EWS Reservations Day #6: AG Venugopal Argues EWS Reservations are Independant

EWS Reservation

On September 21st, 2022, the Constitution Bench led by Chief Justice U.U. Lalit heard arguments from the Union and Madhya Pradesh governments defending reservations for economically weaker sections (EWS). In the morning, Attorney General K.K. Venugopal argued that EWS reservations were independent of the 50% cap on reservations for backward classes. 

In the afternoon, Senior Advocate Mahesh Jethmalani and Solicitor General Tushar Mehta argued that the Constitution (One-Hundred and Third) Amendment Act, 2019, which introduced the reservations did not violate the basic structure of the Constitution. They argued basic structure violation was the only ground on which a Constitutional Amendment could be struck down. 

AG Venugopal: EWS Reservations are Independent and Address Extraordinary Circumstances

Repeating his main submission from yesterday’s hearing, AG Venugopal argued that EWS reservations were meant for people in the general category ‘compartment’ and were independent of the 50% reservations for backward classes. He emphasised that existing reservations would remain untouched. 

CJI Lalit asked if this meant EWS Reservations would eat into the seats for the general category. Would it reduce the seats available through merit for the people in this category? He highlighted the plight of people from backward classes who were excluded from existing reservations through the application of the ‘creamy layer principle’. These same people would be excluded from EWS reservations as well, as they belong to a class that is already covered by existing reservations. (Read more about the creamy layer principle here.)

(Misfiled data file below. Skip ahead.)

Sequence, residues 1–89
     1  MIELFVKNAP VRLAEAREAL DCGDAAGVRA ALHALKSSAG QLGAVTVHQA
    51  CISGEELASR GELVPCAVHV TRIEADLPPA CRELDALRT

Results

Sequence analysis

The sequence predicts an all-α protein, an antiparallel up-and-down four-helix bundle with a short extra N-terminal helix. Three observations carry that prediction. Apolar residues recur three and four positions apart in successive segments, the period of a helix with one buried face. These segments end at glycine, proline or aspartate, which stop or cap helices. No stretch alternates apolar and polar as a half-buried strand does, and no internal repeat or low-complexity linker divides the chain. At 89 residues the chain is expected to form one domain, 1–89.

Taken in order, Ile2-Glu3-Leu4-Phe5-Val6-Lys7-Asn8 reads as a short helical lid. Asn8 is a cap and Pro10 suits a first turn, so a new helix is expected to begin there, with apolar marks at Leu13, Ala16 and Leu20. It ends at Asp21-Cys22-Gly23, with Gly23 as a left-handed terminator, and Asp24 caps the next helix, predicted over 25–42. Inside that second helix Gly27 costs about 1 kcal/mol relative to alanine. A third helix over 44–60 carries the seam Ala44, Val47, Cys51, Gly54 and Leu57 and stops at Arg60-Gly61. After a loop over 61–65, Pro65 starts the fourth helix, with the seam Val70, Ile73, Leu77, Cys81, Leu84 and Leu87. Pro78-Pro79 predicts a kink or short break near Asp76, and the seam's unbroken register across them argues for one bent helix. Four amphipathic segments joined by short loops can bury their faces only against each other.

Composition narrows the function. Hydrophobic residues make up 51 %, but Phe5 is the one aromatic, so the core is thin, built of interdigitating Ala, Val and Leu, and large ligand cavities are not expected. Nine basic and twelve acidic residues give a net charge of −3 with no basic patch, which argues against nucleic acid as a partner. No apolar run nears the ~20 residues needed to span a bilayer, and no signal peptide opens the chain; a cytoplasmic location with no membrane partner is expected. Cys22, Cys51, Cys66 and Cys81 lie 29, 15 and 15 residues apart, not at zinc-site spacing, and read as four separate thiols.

AG Venugopal said that those in the creamy layer would be considered the same as everyone else in the general category for reservations.

The Union government, in the Statement of Objects and Reasons for the Amendment, stated that EWS reservations were enacted to fulfil their obligations under Article 46 of the Constitution of India, 1950 to protect weaker sections. Article 46 states the interests of Scheduled Castes and Scheduled Tribes must be protected ‘in particular’. In past hearings some petitioners argued that despite this, SCs and STs were explicitly excluded from EWS reservations and the Amendment, so the Amendment should be struck down. 

AG Venugopal argued that the inclusion of the phrase ‘in particular’ did not mean that the interests of SCs and STs must be protected at the cost of other classes, such as economically weaker sections. 

He then argued that even if the Bench did not consider the general category a separate compartment, the circumstances justified breaching the 50% limit on backward class reservations. He referred to the Court’s Judgment in State of Kerala v N.M. Thomas (1975) and Indra Sawhney v Union of India (1992) which held that the 50% limit could be breached in extraordinary circumstances. 

Mr. Venugopal asked the Bench to refer to the Sinho Commission Report (2010) to show that India still faced overwhelming poverty. According to him, this proved that the State had to take measures to alleviate the situation.